Bitcoin is a fascinating world surrounded by people constantly looking for ways to improve it. Improvements can be in the realm of disclosure (as I do myself) or in the technological realm.
Protocol changes are a very complicated topic and can lead to heated discussions. An example of this was the one that took place between 2016 and 2017 with the SegWit2x proposal (we will talk about this another day). If there is one thing we can be sure of, it is that Bitcoin is very difficult to change, and this is possibly its greatest strength.
That is why changes to Bitcoin are thoroughly reviewed and undergo months of discussion. An important step for a proposal is registration as BIP (Bitcoin Improvement Proposal). Today we are going to talk about one of these proposals, precisely what BIP 118 is about.
But first let’s understand what a sighash flag is and how a transaction basically works.
Bitcoin transactions consist of unlocking bitcoins from one address (proving you are the owner with a digital signature) and locking them in another address.
For example you can have two addresses with bitcoins (belonging to two previous transactions in which they were sent to you). To spend those bitcoins you can make a transaction with two digital signatures for each address and send them wherever you want.
The “sighash flag” consists of an identifier that indicates which data must be signed to unlock the bitcoins (the SigHash being the information to be signed).
BIP 118 was written in 2017 and was then known as SIGHASH_NOINPUT. This proposal was initially made by the writers of the Lightning Network paper (Joseph Poon and Thaddeus Dryja) to solve a problem known as “transaction malleability” later solved by SegWit.
Lightning Network is a protocol that allows bitcoin to be transferred almost instantaneously and with almost no commission. Not for nothing is it the biggest promise for scaling bitcoin to thousands of transactions per second. And despite its slow growth, it has come a long way since its theoretical inception in 2015.
However, with its advancement, the developers realized that it was still going to be very positive SIGHASH_NOINPUT. Recently, following the development of the new Bitcoin update, Taproot, it was decided to change the name to SIGHASH_ANYPREVOUT and make it suitable for integration with Taproot addresses.
What ANYPREVOUT allows, in a nutshell, is to not sign the part of the information that refers to the previous transaction. A transaction with this type of sighash flag is not linked to past transactions and can spend any bitcoin from addresses with the same public key (or conditions for spending).
Okay, you’ve probably stayed the same, but let’s explain the implications of this.
The biggest implication, and the reason why this proposal is so important, is because it enables a protocol called Eltoo (as if we read “L2” in English). Eltoo greatly simplifies and improves Lightning Network.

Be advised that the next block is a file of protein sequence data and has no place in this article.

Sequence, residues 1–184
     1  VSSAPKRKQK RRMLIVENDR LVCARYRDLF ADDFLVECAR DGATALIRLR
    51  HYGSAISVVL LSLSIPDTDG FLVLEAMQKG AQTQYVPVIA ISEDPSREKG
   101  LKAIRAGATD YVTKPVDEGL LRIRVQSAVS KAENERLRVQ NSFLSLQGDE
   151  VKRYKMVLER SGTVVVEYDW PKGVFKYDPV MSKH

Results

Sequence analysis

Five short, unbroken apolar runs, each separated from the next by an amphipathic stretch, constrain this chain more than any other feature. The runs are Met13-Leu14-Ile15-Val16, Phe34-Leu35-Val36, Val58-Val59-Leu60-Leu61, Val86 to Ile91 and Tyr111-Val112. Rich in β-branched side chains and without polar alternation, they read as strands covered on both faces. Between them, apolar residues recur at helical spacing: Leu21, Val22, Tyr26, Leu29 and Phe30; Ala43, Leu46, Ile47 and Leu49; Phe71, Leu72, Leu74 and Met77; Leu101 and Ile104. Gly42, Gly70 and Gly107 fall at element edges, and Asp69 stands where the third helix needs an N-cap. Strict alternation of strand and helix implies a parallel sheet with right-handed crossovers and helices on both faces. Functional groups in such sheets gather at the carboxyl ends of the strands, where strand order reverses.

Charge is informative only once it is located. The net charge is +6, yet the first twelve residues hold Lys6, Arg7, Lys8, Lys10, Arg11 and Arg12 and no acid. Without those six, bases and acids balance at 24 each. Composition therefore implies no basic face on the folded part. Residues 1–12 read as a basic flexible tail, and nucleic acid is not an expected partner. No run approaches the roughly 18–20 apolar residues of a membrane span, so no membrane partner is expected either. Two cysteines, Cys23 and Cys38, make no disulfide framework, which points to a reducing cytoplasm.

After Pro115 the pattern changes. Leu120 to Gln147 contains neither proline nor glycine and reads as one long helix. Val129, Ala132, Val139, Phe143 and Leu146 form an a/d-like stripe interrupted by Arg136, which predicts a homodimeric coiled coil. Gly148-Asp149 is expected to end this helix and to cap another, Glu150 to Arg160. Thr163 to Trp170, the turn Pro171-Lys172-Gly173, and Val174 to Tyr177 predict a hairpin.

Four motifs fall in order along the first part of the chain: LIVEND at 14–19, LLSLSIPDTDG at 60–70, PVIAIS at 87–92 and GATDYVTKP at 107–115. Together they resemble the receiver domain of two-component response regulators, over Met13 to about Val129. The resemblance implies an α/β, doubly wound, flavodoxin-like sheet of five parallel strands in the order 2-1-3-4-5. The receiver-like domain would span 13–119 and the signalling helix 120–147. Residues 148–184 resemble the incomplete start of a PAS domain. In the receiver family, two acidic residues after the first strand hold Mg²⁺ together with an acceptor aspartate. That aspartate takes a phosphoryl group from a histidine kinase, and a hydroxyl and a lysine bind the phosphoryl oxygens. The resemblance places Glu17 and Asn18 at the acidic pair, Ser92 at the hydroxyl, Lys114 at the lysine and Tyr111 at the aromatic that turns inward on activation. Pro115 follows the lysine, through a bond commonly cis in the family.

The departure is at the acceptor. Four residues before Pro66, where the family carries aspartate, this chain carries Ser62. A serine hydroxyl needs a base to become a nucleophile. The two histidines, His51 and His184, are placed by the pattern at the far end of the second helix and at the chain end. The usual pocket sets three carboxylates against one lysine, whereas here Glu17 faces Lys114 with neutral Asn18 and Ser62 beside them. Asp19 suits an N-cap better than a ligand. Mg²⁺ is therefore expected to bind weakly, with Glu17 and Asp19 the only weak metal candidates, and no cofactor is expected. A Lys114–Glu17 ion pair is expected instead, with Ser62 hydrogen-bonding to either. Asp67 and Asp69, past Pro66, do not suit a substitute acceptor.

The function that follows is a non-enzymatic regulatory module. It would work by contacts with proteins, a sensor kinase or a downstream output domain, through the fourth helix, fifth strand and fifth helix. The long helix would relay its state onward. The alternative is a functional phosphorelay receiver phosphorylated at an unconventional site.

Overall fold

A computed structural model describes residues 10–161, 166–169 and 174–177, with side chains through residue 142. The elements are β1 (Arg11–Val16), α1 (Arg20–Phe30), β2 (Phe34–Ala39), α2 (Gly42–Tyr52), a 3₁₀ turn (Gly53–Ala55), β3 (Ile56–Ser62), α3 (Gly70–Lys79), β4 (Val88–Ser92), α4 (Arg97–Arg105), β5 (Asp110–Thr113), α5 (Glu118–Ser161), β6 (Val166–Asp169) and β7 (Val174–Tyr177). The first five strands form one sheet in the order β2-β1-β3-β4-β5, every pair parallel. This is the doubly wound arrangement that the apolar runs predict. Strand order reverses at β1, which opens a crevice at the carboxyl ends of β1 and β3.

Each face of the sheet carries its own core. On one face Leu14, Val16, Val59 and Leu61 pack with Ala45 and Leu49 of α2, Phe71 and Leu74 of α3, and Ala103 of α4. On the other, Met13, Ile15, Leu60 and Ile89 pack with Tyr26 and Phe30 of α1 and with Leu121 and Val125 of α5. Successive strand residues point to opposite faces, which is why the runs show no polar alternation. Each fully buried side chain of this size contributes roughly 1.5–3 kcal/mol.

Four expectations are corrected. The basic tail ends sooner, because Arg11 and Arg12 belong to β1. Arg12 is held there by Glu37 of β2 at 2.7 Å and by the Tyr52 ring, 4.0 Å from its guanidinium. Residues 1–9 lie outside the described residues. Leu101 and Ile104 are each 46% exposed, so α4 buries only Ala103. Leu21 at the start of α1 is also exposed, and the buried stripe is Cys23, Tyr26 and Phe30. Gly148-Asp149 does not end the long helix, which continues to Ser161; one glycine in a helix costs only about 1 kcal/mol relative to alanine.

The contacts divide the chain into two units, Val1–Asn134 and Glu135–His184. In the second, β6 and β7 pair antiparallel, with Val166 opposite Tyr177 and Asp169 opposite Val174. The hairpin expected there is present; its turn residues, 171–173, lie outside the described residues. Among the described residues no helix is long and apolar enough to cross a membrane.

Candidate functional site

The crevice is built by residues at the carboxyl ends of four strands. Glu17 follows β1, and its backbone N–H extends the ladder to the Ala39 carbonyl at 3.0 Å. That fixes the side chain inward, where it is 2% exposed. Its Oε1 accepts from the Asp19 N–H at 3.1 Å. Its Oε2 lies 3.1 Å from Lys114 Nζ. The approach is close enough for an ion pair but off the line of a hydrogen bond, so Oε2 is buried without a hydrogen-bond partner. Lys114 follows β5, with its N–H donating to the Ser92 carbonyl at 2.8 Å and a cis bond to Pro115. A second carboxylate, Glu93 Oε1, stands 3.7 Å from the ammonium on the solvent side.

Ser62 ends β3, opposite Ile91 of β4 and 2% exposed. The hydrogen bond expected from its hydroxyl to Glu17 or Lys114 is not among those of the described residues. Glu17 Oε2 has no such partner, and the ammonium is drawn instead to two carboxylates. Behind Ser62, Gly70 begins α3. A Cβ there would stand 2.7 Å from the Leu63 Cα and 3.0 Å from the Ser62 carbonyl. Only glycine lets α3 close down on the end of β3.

Lightning uses a construct called payment channels where two users can transfer bitcoin off-chain, i.e. without it being a transaction on the blockchain and therefore privately, instantly and without commission.
In a payment channel the balances of two users are updated with each off-chain transaction. For example Alice has 1 BTC and Bob has 0. Alice can make a transaction to Bob updating the balance so that she keeps 0.5 and Bob keeps 0.5 (i.e. this is a 0.5 transaction).
The Bitcoin blockchain acts as a judge in case of a dispute in this protocol. If Alice puts on the blockchain her balance of 1 BTC (which is incorrect because she actually has 0.5 after the transaction), Bob will be able to prove that Alice has cheated and will keep all her money as a penalty. But this makes Lightning users have to accumulate more and more information in order to settle these disputes, as well as being complex.
With Eltoo all this complexity disappears because the only thing you have to maintain is the last balance sheet. You don’t have to keep information for each case as it is the case now. Just keep the last 2 transactions (one of them with ANYPREVOUT). If someone cheats you can use the ANYPREVOUT transaction to prove he did it and spend those bitcoins the right way.
This way the information to be backed up is minimal, the protocol is simpler, Lightning can be innovated more easily and the risk of losing all your money accidentally due to the penalty that exists now is reduced.
Other uses this type of sighash flag can have are “covenants” that allow for more complex smart contracts (setting out specific ways in which bitcoins should be spent) and blind statechains using Eltoo (a scalability solution like Lightning but not entirely without reliance on third parties).
If implemented, ANYPREVOUT will only be used by this type of protocols so the rest of the users would not be affected. However, although its effect on the blockchain itself is small, it would be a change that would allow a lot of innovation in higher layers (scalability solutions such as Lightning).